Complaining my way through the roaring 20’s wasted time, in a good way, and got me to a point where the end was in sight. Sarah needed to leave the race in order to let the finishers finish, so she veered off and there it was: the final mile. The end of the Chicago marathon is uphill. Truth. It’s gradual, but at that point it might as well be Everest. Why they do that to the runners is beyond me, but it brought on a bitterness that allowed me to keep enough focus to claw my way forward, if only just for spite. Maybe that’s the exact reason why it’s set up that way… as an extra kick to the kidneys to see who’s tough and who’s not. Or maybe it’s just better viewing for the spectators. Either way, some hipsters in bathrobes raised their coffee mugs my way and told me a grandma had passed a few minutes ago. So there was that.

Mile 26.2: Victory is mine.
The end stretch was an epic duel between me and my log legs. And? I won. Stiffly, I finished in a frankenstein walk through the chute. That was that. I had done it. I saved the feeling of accomplishment for later, focusing then on staying upright, getting food, and lamenting my poor choices in life. Plus, after looking at the time, we needed to run to catch the train back home. Literally. I had to run to the train station.

Back at home that night, safe and sound and sore as shit, I weighed myself.

I lost 8 pounds that day.

We endure marathon sessions in all we do. In essence, we are a marathon. We are a series of mistakes and small victories at each mile marker we pass in the road race of life.

Sarah ended up running most of the marathon with me that day. She may never fully comprehend what that meant to me, but I’m sure I would’ve quit if it wasn’t for her. Turns out she could have completed that race after all… and in less time than I did, no doubt.

In the end, running a marathon proved many things, particularly here in hindsight. It represented so much more than just cardiovascular endurance or muscular stamina. It signified the struggles of that point in my life… of all points in my life. It let me know that I can’ t do anything alone; I need my family and my loved ones to help me through emotional times. It stood as a reminder that I am human, and I can be defeated just like anyone. It also remains as a motivator that if I can withstand 26.2 miles, I can withstand a lot more in life. That race reflected the barrage of self-hate, the feelings of ineptitude, and the panic of second guesses I had always known, and will continue to know, in my journey of mental health.

That marathon will always symbolize the long road of life and the ups and downs of daily living.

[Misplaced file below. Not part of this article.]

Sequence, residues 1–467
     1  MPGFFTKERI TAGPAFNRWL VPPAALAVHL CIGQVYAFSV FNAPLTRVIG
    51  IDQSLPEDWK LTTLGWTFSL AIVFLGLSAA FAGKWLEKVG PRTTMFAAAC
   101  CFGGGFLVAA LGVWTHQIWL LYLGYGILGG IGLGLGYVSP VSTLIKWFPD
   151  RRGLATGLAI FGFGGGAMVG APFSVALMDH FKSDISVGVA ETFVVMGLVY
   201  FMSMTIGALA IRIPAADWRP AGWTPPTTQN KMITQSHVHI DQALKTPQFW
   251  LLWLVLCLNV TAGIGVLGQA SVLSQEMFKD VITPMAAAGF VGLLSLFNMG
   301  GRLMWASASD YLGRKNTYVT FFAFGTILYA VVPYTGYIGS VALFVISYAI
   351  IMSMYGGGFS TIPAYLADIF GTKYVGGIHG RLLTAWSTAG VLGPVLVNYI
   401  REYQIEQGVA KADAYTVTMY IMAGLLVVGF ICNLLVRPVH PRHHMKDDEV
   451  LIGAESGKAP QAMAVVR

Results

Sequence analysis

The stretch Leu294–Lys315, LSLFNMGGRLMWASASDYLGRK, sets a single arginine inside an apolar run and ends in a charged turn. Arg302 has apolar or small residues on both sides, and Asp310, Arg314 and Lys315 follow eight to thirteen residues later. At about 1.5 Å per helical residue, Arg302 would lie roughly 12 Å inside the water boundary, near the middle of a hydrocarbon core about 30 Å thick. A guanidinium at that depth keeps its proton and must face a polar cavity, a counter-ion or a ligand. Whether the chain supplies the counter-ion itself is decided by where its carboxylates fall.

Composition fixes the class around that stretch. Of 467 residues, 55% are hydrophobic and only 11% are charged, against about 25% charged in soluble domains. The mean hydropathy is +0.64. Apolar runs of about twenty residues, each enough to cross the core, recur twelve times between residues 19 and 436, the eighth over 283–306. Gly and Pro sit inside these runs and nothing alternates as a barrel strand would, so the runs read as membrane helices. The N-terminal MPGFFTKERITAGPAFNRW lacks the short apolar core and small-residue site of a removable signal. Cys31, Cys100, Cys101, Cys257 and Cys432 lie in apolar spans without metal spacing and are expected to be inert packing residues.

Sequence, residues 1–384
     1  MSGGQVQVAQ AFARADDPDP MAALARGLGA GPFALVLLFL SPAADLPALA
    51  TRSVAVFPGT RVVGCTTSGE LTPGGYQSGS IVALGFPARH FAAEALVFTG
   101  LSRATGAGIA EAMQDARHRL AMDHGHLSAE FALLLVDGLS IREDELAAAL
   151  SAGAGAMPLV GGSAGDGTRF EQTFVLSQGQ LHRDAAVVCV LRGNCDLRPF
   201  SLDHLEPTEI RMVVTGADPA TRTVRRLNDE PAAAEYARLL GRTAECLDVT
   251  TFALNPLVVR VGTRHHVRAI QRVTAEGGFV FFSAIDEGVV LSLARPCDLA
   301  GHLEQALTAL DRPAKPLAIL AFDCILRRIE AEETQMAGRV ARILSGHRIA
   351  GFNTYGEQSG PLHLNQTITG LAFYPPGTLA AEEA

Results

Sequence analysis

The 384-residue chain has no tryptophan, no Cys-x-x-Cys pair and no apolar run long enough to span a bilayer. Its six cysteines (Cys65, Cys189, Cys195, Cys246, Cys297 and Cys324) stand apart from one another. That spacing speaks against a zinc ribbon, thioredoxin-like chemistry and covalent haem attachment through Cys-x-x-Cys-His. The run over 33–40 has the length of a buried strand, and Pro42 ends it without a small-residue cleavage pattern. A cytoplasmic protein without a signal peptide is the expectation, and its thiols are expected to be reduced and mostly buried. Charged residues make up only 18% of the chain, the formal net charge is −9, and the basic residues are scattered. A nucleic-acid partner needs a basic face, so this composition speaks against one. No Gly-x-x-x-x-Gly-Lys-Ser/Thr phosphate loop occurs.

We may not always make the right decisions, but we sure as hell live and learn and we keep, keep moving.

Water Under the Bridge: The Big Wave of Guilt


IMG_2615  Scott Todnem
I have never come close to drowning, but I have swallowed enough water to know the horrible, stopping feeling. Halted, in both decision and movement. Choking on the very compound that gives the universe its unique ability to live.

I can count on one hand the number of times I’ve been in the ocean. The leading memory being the Pacific while on my first honeymoon. Hawaii. It was while surfing off the coast of Maui in my mid-twenties that I vividly remember being consumed by the water in a sudden, overwhelming spin of a *cough* quite modest wave on a learner’s beach. It was nothing, really, except a good old-fashioned wipeout. Upturned and smacked right in the face like a complete newbie.

Also consuming within that memory was the spinning experience of a new marriage. I remember thinking I’d look back at pictures of the trip for years to come. It made me think about being old; it made me contemplate one of the biggest decisions of my young life. And my mind wandered to its usual level of ridiculousness… with just a hint of premonition.

“I wonder where we’ll live when we’re wrinkly and looking back at these pictures of now. Will I remember driving this Jeep around the island listening to punk rock? If I have kids they’ll probably think my hair was really dark. Will I remember these striped trees that look like candy? I may never be this skinny again. Did I make the right decision in marriage?”


Overall, I remember thinking I was happy. The sun and the surf and, yes, even the sand in the swimsuit. And I think I was happy in my direction in life. But things change. Like the tidal waves of the ocean, things constantly change. In one moment we can be standing on top of life, enjoying the ride and the wind in our hair, and the next moment we can be taken down underneath the world in a plunge of panic.

Funny, isn’t it? Water can be the elixir of life or the overbearing force which takes it.

Such is the mind.

• • •

I don’t know if I can truly forgive and forget.

I try and try and try, and yet something lurks… there, in the depths of my mind, as a muddy swamp monster reminder of the times when someone did me wrong.

That someone? Always me. Myself. The swamp monster reminder is the times when I did wrong to myself.

Quite possibly, the hardest person to forgive in life is oneself. Our self-regard ebbs and flows in second guesses like a river bend.